Movie Of The Month by JB Kaufman

Opening Night (1932)

May, 2015

Van Beuren/RKO Radio, 1932. Music: Gene Rodemich.
            While researching my book Pinocchio: The Making of the Disney Epic (to be published in May 2015, the same month this post appears), I discovered some interesting facts about the theater where the world premiere of Pinocchio took place in February 1940. This was the Center Theatre in New York City. The Center was located in Rockefeller Center—hence its name—and was regarded as one of the premier showplaces in New York. But by February 1940, a scant seven years after its opening, it had already experienced a colorful, turbulent history of its own. (I’ve posted a short account of the theater’s early years, elsewhere on this website.)
            The theater actually opened in December 1932 under a different name: the RKO Roxy. At that time it was envisioned as one of two glistening jewels in the emerging phenomenon that was Rockefeller Center. One block away, at 50th Street and 6th Avenue, Radio City Music Hall was planned as a spectacular venue for the presentation of live stage shows. The RKO Roxy, at 49th and 6th, was the movie counterpart. As its name suggests, it was overseen by legendary showman Samuel “Roxy” Rothafel, who had already bestowed the Roxy nickname on one spectacular New York movie palace a few blocks away. As its name also suggests, it was planned as the flagship theater for RKO Radio Pictures, a major movie studio that enjoyed contractual ties with the Rockefeller group. For the theater’s gala opening on 29 December 1932, RKO pulled out all the stops. The evening’s entertainment included the new RKO feature The Animal Kingdom, an elaborate stage presentation—and a special animated cartoon, commissioned for the occasion from RKO’s house animation studio.
            The Van Beuren studio was an outgrowth of the studio Paul Terry had established in the silent era to produce “Aesop’s Fables” cartoons. Today the Van Beuren cartoons are disdained by some viewers, but in fact the studio played an important role in animation history. (Steve Stanchfield and the other fine folks at Thunderbean Animation have recently issued a special Blu-Ray showcasing some of Van Beuren’s highlights.) By the early 1930s, RKO was both the distributor of the Van Beuren cartoons and part owner of the studio. Opening Night, a cartoon custom-made for the opening of the RKO Roxy, was part of a team effort to celebrate the launch of the new movie palace.
            Made to be shown in late December, Opening Night begins in a holiday mood. The main titles are musically underscored by “Silent Night,” and the opening scenes depict the new theater as, literally, a gift from Santa Claus. We see Santa flying through the night sky in his sleigh and dumping out the contents of his bag: a flood of stars which assemble into a giant electric sign announcing “RKO ROXY.” As the film continues, we see fanciful scenes depicting the theater’s interior. For weeks before the opening, New Yorkers had been treated to press coverage of the fabulous new theater: its sophisticated architecture and luxurious appointments. Opening Night treats these wonders with cartoon exaggeration; it seems unlikely that the actual theater’s amenities included rolling seats that transported patrons to their places, an ejection lever that dumped obnoxious audience members into a dungeon below the auditorium, or a master control room fitted with a mechanical device to keep the manager supplied with cigars!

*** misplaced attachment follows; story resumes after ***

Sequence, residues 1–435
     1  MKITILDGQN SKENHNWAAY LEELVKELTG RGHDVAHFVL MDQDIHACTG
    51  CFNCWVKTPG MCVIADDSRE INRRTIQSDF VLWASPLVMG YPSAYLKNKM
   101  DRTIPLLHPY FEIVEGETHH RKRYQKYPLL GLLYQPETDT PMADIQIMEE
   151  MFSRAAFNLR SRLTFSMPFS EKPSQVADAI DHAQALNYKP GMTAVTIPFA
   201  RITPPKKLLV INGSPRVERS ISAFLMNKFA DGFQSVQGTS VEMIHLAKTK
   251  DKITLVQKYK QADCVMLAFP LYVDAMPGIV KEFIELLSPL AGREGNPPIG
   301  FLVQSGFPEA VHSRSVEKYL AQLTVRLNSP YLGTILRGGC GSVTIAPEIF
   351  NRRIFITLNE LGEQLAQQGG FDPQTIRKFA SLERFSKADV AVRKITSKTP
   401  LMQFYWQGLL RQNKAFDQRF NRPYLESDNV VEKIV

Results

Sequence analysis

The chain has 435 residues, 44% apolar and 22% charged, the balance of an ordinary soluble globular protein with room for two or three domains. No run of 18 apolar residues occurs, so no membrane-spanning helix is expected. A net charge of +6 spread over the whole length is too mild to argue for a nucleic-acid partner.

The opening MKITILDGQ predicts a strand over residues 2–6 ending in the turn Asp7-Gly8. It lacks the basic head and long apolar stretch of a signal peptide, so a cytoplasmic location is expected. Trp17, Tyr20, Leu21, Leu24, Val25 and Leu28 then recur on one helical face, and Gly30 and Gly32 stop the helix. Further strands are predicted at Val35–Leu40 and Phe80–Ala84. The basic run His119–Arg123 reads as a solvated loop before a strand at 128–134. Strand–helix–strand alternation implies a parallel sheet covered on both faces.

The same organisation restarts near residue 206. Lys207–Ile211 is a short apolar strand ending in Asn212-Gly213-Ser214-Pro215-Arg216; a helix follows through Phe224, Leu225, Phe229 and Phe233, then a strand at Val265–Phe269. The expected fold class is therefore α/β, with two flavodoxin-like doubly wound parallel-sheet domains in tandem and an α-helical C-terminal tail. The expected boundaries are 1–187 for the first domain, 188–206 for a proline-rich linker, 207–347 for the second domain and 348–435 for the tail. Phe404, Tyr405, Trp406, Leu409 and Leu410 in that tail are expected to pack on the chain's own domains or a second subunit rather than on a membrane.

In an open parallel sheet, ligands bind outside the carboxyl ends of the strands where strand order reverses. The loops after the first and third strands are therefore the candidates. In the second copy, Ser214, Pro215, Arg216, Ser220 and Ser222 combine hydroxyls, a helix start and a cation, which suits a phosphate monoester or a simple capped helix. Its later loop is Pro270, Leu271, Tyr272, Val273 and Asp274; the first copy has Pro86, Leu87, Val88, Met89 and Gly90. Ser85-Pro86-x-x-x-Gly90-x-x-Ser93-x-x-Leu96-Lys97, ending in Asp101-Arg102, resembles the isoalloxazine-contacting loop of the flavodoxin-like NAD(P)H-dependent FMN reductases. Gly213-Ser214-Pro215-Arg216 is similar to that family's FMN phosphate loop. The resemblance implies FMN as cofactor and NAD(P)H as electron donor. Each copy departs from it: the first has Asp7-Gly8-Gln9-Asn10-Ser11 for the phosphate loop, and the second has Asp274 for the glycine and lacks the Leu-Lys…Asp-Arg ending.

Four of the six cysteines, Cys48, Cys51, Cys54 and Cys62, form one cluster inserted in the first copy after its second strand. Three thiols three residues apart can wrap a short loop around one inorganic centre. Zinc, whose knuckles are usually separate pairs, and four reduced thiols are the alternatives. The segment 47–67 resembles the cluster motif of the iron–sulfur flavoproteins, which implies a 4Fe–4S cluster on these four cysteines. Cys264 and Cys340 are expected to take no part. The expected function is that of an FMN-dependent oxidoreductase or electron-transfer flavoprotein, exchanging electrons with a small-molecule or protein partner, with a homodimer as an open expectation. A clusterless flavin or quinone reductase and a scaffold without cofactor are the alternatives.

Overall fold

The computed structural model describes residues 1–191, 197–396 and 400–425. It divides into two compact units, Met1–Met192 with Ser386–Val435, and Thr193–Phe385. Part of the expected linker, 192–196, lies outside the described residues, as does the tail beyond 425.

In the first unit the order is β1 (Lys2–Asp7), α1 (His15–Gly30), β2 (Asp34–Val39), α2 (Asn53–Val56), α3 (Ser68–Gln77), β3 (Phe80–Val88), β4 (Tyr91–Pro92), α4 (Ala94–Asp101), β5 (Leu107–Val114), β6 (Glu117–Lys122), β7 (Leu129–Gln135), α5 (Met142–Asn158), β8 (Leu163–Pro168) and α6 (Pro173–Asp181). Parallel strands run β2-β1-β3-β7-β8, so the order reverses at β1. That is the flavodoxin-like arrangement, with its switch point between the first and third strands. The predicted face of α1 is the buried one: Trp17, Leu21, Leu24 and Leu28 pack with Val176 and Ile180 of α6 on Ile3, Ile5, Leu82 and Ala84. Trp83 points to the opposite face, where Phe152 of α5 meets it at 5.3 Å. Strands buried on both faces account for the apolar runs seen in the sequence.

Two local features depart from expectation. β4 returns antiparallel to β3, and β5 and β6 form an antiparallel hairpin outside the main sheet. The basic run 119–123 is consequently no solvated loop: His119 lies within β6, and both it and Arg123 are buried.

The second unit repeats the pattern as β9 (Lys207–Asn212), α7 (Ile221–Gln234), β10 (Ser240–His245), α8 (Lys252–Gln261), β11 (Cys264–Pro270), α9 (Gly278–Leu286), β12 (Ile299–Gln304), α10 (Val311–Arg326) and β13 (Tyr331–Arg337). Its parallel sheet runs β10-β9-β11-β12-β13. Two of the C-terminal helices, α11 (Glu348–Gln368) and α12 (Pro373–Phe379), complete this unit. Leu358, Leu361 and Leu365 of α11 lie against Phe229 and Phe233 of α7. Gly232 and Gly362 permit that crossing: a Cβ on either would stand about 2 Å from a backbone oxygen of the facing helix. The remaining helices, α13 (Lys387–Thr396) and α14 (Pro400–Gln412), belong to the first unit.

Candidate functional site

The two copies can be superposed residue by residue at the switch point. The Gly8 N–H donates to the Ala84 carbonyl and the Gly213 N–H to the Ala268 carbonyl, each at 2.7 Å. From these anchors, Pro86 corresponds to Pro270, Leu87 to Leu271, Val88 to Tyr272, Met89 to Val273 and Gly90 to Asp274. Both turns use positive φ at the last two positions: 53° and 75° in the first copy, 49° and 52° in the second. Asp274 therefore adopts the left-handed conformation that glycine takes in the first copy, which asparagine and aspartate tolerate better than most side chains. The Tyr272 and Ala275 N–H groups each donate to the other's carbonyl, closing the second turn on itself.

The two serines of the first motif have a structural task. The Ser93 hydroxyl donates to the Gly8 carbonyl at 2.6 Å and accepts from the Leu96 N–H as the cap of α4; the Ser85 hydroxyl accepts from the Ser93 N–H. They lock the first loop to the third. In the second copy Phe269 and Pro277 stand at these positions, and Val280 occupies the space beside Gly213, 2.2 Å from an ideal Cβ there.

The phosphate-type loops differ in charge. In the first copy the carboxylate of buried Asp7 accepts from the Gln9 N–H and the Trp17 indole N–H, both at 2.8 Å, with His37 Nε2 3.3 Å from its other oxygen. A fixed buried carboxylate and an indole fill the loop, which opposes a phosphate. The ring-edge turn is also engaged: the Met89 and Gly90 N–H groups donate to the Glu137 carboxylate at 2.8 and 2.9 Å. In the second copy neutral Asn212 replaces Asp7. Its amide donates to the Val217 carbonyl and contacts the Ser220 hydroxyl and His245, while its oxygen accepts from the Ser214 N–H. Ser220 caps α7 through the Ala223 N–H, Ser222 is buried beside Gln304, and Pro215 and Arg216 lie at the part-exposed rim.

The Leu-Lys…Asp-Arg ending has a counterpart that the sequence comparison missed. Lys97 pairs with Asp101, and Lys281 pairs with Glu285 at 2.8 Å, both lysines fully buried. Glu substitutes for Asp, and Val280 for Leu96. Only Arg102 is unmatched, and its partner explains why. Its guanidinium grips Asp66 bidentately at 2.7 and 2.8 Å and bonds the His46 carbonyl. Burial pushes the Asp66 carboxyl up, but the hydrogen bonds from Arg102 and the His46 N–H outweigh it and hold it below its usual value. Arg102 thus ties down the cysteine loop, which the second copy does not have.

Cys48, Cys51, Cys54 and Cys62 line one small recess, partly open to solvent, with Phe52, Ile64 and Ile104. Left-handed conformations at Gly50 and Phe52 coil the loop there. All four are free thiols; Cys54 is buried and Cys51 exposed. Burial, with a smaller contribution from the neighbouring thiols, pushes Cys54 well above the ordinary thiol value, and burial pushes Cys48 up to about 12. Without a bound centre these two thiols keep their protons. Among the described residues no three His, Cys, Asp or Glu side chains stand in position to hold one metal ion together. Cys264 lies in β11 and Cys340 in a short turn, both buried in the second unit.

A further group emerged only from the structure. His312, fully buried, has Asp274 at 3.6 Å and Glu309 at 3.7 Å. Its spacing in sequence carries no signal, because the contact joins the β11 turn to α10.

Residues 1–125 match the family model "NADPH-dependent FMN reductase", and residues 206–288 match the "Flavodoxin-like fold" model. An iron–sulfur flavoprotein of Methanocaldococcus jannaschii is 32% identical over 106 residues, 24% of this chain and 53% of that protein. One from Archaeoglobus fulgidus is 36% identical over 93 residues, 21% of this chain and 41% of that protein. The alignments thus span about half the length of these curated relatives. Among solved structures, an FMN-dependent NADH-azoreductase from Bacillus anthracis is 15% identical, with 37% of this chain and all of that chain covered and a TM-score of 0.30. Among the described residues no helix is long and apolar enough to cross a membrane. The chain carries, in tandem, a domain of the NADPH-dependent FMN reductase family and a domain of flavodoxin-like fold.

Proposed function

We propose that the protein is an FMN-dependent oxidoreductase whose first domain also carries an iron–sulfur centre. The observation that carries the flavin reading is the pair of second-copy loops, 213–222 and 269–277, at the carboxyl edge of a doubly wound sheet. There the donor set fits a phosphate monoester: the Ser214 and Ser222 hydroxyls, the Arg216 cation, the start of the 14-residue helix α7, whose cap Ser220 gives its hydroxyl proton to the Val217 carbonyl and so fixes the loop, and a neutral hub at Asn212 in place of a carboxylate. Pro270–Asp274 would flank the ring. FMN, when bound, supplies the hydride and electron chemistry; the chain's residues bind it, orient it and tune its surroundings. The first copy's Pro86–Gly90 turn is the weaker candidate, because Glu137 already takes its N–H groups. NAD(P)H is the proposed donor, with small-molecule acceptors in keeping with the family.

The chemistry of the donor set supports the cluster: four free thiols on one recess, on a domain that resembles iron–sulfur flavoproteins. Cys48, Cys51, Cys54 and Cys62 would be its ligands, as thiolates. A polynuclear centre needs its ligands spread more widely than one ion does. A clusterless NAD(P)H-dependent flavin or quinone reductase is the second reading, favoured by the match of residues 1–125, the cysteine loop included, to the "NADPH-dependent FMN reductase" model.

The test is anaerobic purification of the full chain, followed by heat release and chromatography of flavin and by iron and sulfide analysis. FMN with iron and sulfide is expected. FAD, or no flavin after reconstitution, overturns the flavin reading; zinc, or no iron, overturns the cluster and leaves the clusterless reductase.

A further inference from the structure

Opening Night served to introduce a new Van Beuren character: Cubby Bear (“Cubby the Bear” in this appearance). Cubby was the latest in a long procession of characters who attempted to duplicate the Disney studio’s success with Mickey Mouse. In the early 1930s Mickey was enjoying a phenomenal worldwide popularity, and nearly every American animation studio introduced characters who shamelessly imitated Mickey’s appearance and cheerful personality. Some studios’ imitations were particularly blatant, and the Van Beuren studio was as guilty as any. In fact, Disney had successfully sued Van Beuren in 1931 for producing cartoons with two mice that were virtually indistinguishable from Mickey and Minnie. Chastened, but not much, Van Beuren backtracked slightly and offered Cubby Bear instead—a cute little cub with some of Mickey’s design features and plucky resourcefulness, but differing just enough to qualify as a distinct character. In this picture Cubby, not having a ticket, is denied entrance to the RKO Roxy on the big night, but sneaks in anyway and explores the magnificent theater. Quite by accident he finds himself in the orchestra pit, standing on the conductor’s platform—and, without hesitating, proceeds to conduct the orchestra for the gala performance!
            As interesting as this specially produced cartoon is, Van Beuren could hardly afford to squander all that production effort on a single showing. Opening Night was later absorbed into the studio’s regular schedule of releases; and because of that, and its copyright date, it is usually regarded today as a 1933 cartoon. Of course it’s more enjoyable, and makes more sense, if we view it in that original 1932 context.
            Many more unsettling changes were in store for the studio, the theater, and the distributor during the succeeding decade. By the time Pinocchio opened in what was now the Center Theatre in February 1940, the entire landscape of the animation industry had changed, and the Van Beuren studio no longer existed. Today, of course, we recognize Pinocchio as one of the all-time supreme achievements of the animator’s art. This year, as we celebrate the 75th anniversary of its historic opening, I think it’s also appropriate to pause for a moment and remember the first animated film ever shown in that theater.

J.B. Kaufman